Adam Silverstein and a new publications in time for Purim: What can pre-modern Muslims tell us about the Hebrew Bible?
Silverstein: “In the broadest of strokes, Jews and Christians appear to have left their mark on the writings of Muslim authors, for which reason some ancient ideas, which were originally circulating by and amongst these communities but are no longer extant in their original form, found their way into Muslim sources and are retrievable nowadays only by recourse to such materials.”
Book Note: Michael E. Stone, Secret Groups in Ancient Judaism (Oxford: Oxford University Press, 2018)
Tucker: “The study is an excellent example that engages the methods of sociological sciences and biblical studies in a constant discourse with ancient sources. Stone’s expertise and erudition is on display throughout the study, and the footnotes are packed with excellent corollary discussion topics.”
Articles and News
Katz Center announces its fellowship list for its 2019-2020 year.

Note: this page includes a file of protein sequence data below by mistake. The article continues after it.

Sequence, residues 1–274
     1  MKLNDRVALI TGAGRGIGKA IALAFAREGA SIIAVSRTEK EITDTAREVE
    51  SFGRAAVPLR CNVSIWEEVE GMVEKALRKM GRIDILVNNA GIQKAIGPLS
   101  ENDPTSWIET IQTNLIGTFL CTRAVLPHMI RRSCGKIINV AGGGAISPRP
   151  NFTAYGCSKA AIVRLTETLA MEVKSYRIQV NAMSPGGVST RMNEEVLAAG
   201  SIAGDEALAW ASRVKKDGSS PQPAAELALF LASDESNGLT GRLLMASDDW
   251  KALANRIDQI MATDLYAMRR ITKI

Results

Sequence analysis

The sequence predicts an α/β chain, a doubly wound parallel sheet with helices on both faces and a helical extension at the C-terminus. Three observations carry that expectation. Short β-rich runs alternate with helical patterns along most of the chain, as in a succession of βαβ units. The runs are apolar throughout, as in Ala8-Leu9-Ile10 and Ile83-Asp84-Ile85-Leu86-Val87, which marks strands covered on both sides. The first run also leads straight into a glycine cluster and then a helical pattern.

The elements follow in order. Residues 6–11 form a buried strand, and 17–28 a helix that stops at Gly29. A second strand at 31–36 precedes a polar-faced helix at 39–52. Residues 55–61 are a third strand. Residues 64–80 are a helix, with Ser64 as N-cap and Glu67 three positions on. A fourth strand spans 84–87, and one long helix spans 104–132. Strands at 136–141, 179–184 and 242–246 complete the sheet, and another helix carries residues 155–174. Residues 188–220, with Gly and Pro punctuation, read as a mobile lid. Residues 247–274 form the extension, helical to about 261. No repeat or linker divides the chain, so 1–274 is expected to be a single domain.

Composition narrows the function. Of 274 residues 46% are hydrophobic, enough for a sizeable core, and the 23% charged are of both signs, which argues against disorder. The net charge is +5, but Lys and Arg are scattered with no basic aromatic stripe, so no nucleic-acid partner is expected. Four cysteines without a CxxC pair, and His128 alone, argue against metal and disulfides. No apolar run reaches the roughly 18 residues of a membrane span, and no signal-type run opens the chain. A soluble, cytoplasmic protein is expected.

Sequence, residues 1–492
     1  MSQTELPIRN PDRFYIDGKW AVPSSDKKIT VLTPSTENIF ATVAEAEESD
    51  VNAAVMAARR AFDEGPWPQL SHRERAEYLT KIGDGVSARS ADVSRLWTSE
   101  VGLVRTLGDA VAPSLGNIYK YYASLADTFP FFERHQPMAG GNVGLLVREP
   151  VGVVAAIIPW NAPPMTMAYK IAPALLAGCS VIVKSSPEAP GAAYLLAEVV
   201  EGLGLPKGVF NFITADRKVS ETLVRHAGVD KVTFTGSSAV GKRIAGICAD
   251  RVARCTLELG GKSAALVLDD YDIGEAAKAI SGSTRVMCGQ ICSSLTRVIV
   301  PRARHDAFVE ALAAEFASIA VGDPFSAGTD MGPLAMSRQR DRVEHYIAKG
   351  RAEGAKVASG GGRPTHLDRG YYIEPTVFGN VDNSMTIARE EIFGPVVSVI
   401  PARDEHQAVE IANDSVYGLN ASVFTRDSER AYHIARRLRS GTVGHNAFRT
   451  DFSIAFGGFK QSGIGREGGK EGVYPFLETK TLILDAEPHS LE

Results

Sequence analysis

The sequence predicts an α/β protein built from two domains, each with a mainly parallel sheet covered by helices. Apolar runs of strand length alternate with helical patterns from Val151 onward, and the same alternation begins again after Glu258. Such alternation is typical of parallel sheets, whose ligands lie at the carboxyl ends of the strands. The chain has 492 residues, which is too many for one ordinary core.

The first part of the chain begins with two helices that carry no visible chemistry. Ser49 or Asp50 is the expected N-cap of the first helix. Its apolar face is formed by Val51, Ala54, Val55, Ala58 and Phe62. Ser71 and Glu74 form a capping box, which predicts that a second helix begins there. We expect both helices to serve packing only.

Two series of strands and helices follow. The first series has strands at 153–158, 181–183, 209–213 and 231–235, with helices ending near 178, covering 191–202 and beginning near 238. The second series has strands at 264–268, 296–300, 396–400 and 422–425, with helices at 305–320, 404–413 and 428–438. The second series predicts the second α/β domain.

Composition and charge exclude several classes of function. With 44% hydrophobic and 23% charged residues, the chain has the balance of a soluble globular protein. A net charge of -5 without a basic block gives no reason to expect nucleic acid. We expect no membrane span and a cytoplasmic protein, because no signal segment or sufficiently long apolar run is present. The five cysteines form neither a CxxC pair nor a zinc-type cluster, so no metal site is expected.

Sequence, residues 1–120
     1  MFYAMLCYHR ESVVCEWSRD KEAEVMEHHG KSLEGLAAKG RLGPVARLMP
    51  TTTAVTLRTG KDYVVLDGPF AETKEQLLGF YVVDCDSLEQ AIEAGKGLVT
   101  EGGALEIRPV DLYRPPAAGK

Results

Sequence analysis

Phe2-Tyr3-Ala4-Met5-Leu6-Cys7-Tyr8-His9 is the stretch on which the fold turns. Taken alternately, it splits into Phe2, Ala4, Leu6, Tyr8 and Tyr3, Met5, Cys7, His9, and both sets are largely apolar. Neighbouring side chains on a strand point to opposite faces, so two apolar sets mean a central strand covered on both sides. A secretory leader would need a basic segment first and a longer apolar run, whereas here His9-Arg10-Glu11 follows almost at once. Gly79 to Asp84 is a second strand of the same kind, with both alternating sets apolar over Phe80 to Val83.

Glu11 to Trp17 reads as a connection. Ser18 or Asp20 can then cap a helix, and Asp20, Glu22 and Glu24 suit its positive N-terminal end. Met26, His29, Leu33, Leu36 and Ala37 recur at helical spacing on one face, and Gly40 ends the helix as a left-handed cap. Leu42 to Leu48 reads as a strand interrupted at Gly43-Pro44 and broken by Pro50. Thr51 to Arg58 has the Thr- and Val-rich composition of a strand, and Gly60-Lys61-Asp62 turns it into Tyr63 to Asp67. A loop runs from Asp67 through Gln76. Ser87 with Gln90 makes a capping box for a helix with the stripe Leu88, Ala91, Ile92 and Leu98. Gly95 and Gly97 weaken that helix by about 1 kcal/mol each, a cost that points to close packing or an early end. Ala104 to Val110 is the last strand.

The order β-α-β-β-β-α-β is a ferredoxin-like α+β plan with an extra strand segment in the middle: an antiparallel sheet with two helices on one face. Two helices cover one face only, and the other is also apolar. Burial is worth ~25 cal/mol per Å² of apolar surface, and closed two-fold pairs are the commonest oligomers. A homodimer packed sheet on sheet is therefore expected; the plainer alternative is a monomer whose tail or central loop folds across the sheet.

Matthew Gabriele at Forbes talks to Ellen Muehlberger about her new book on imagining death in late ancient Christianity.
Revisit Kevin van Bladel’s Mellon Sawyer seminar lecture on manuscript traditions in Sasanian kingdoms.
A neat piece from a couple of years back, Ilana Tahan on Purim and the British Library collections.
The medieval Italian Lombard Haggadah about to go on display in New York for the first time since 1900.
New forum at the Journal of the History of Ideas blog tackles the question of global history.
Check out the upcoming Frankel Institute Sephardic Identities Symposium schedule.
The Renewed Philology website launches, a collaborative project aimed to reshape how philology functions in Biblical Studies.
Chag #Purim Sameach! Scenes from Esther appear in a fresco at the 3rd cent Dura-Europos synagogue. Haman leads Mordechai on the left (Esth 6:11); Esther and Ahasuerus receive a report on Susa on the right (Esth 9:11) [via Wiki Commons]. pic.twitter.com/B7lxJftFYb— Krista N. Dalton (@KristaNDalton) 21 March 2019
The Esther scroll Or 1047 has the most amazing illustrations, like this scene of the 'beauty contest' from ch. 2 of the book of Esther. The women do not look very excited about being stuck in a harem to please the King...#Purim #HebrewProject https://t.co/qvs1GJVOha pic.twitter.com/3nve8Lz8XN— BL Hebrew Project (@BL_HebrewMSS) 21 March 2019